Thoughts after reading: "Presentation is everything," a wise man once said. In fact, he said it just two paragraphs ago, if I'm not mistaken. My concern going in was for the balance of the dark tag with a premise which doesn't seem terribly serious, and this turned out not to be a major failing of the piece. Although there are some decidedly grim moments in the fic (the most graphic of which are in chapter 15, for which the author presents an alternate, toned-down version for the gore-averse--I recommend it to anyone who doesn't wish to read about pony mutilation), the majority of the story sticks to a consistent tone: serious in terms of events and causality, but nonetheless lighthearted. The central conflict was admittedly brought about in too flippant a manner to really match the work's less crazy aesthetic, and there moments throughout the story which veer too far towards goofy to match the emotional and character drama which dominate the story (the ways in which the entire nobility of Canterlot behave as a hivemind with no mental or emotional inertia being a striking example), but the majority of the story succeeds on this count.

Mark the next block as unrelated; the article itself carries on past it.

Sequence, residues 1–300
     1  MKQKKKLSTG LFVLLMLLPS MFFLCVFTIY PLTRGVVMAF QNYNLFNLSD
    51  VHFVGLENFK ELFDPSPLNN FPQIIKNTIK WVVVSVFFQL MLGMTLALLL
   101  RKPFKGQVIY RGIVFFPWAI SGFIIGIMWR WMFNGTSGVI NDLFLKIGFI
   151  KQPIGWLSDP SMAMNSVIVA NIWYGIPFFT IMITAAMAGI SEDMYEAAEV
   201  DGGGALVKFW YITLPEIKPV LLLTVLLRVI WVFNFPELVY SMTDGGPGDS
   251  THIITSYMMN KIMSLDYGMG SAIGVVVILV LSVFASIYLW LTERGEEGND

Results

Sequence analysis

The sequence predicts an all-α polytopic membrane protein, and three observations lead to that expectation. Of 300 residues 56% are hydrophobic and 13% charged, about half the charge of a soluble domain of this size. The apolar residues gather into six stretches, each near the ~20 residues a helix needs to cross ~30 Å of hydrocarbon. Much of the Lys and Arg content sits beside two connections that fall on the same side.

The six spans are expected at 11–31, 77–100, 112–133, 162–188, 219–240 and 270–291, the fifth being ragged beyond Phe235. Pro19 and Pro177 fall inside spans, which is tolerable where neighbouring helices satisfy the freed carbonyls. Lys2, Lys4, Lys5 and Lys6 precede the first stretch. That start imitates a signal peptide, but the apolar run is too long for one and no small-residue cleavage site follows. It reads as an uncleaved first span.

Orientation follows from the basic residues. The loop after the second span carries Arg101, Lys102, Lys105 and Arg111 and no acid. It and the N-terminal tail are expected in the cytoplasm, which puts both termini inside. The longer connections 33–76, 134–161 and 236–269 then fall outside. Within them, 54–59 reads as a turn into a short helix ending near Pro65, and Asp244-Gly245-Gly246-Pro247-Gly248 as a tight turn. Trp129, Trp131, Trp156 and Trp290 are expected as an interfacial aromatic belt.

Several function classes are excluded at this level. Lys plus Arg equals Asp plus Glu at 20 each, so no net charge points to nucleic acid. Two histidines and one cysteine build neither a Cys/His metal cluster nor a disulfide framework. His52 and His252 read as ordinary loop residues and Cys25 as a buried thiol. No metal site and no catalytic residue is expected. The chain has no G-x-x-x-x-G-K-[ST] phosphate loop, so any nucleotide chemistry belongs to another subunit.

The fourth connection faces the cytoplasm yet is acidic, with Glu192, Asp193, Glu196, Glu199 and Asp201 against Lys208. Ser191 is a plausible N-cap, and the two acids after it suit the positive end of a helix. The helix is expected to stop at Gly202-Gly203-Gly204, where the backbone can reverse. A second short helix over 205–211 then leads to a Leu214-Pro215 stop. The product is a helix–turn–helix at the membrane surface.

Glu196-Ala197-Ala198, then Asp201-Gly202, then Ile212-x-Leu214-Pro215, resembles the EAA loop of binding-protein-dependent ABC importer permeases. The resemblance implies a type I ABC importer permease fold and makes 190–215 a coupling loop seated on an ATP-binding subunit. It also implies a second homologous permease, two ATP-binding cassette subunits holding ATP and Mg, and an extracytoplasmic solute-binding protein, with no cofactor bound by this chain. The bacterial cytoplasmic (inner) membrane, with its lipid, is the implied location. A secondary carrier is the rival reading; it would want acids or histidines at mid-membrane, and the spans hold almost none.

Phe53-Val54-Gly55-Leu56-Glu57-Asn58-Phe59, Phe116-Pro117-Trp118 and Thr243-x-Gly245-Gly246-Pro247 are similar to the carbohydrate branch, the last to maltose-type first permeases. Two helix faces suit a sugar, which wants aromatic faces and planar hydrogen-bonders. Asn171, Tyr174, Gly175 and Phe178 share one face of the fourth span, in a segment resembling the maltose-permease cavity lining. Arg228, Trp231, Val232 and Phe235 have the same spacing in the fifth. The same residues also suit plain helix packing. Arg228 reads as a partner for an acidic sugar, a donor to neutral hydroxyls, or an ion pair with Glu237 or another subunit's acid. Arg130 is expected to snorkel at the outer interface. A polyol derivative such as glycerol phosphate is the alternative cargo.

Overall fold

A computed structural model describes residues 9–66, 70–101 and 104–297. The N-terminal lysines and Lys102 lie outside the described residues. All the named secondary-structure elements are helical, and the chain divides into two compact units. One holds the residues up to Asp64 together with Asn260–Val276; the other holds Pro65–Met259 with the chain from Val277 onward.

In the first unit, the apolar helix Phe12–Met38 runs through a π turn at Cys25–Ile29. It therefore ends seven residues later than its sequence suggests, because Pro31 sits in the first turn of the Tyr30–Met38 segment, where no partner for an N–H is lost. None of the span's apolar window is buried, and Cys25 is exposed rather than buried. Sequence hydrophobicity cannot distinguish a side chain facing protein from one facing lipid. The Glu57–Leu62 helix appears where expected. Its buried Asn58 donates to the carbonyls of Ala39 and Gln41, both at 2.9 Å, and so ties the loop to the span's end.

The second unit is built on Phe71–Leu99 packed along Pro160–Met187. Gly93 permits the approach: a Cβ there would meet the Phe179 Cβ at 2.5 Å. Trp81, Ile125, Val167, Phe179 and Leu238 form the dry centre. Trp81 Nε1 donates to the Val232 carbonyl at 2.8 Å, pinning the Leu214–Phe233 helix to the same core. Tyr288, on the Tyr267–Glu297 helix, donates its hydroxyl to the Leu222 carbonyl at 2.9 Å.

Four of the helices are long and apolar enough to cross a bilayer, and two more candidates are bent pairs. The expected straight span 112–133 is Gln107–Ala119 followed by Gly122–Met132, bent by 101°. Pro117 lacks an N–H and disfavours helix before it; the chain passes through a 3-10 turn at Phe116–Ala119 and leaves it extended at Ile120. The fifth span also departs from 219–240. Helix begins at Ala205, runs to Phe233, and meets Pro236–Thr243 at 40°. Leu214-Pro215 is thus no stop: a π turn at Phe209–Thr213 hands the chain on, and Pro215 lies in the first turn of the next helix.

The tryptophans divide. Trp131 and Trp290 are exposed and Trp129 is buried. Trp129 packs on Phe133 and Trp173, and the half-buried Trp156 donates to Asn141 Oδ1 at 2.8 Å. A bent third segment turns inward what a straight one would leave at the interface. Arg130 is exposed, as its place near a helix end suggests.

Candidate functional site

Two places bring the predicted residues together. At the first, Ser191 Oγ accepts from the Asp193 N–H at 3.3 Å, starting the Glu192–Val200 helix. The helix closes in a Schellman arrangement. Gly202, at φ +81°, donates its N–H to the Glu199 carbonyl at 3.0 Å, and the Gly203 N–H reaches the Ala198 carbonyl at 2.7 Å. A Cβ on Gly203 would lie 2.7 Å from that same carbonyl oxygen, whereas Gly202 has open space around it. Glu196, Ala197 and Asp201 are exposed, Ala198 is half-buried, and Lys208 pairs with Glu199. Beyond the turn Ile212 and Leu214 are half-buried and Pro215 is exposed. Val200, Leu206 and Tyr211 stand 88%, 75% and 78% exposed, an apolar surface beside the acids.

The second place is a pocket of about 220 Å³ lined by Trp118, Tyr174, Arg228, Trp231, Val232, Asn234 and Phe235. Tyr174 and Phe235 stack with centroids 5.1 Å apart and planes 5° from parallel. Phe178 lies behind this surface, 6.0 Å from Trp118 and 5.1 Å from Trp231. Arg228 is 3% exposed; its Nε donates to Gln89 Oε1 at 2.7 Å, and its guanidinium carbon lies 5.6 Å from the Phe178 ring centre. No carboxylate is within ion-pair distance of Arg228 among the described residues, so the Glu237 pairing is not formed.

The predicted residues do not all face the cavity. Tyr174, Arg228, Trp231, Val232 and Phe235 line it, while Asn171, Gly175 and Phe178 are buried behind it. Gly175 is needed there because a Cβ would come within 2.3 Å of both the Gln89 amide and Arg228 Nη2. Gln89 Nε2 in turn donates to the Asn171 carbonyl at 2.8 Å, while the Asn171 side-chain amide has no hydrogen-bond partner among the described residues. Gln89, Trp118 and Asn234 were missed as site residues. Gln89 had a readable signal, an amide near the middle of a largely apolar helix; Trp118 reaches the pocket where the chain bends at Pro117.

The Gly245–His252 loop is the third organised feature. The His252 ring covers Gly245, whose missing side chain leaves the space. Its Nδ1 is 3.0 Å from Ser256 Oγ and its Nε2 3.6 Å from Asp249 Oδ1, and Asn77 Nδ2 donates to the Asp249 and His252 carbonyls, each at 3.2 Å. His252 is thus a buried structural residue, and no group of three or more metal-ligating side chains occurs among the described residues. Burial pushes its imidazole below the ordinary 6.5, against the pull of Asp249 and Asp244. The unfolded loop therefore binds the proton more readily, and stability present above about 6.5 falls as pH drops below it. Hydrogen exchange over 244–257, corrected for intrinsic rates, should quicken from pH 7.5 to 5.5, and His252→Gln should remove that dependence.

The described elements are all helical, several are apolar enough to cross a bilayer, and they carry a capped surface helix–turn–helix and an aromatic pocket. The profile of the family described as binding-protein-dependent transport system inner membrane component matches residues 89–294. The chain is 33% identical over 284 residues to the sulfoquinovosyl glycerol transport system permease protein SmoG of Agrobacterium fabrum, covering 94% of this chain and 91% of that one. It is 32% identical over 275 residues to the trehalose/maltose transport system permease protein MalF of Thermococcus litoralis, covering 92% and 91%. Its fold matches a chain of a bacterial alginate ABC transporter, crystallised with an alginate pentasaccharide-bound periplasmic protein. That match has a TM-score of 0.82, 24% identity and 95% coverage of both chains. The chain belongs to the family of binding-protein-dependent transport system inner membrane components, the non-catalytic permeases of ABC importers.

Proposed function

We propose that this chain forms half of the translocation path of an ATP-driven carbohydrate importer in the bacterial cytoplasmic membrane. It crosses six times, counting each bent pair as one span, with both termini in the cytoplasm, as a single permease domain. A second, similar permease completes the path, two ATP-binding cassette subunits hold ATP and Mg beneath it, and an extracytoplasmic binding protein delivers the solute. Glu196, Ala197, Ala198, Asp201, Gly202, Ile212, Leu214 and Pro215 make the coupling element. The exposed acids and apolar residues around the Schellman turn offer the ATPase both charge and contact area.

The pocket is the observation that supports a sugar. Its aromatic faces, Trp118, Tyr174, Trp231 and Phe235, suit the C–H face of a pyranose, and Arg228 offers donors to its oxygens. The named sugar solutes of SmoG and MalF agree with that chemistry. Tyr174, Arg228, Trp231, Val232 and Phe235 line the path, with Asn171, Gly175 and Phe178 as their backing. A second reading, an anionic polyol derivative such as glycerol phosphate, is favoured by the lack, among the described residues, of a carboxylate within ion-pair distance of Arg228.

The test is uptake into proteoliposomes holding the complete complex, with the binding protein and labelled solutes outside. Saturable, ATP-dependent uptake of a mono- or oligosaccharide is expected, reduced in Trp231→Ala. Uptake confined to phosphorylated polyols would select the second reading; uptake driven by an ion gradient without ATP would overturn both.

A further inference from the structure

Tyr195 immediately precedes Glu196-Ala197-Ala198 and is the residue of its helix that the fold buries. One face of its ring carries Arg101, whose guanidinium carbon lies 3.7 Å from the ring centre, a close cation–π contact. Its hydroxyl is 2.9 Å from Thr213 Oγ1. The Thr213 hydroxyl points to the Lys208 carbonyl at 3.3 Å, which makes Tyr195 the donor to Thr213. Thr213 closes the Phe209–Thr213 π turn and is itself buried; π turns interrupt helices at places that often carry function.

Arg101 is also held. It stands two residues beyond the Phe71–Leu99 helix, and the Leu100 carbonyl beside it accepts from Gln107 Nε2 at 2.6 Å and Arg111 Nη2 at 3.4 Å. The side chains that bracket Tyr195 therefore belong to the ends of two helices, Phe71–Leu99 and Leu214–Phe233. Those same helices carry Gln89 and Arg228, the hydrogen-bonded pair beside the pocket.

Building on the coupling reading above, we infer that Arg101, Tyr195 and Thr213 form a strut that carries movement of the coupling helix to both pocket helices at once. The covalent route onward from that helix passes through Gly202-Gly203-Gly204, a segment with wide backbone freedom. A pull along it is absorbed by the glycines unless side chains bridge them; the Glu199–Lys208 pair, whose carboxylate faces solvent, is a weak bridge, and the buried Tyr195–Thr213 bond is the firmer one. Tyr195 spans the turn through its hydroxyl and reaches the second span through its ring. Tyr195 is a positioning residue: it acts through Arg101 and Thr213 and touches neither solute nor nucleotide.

However, there is a much more significant problem which also has to do with presentation, and that is Luna herself. Simply put, she's incredibly unlikable, in ways which I don't think were intended. And since she's arguably the central character in this story, her atrocious behavior is an issue.
From the ways in which various conflicts pan out and resolve, it seems clear that InsertAuthorHere intended for the reader to eventually perceive both Luna and Celestia as being simultaneous victims and victimizers, each with their own faults and weaknesses which they need to learn how to address and deal with, and each also relatable and identify-with-able. The problem is that Celestia's faults are difficult to pinpoint and easy to write off, because most of them are exposed while she's a filly. It's made clear in the story that the transformation affects her emotional maturity (though not her actual memories) as well as her body, so when she becomes willful or temperamental, it's hard to blame her. After all, that's not a moral failing; that's just what little kids are like, and Celestia has no control over the fact that somepony reverted her to that state.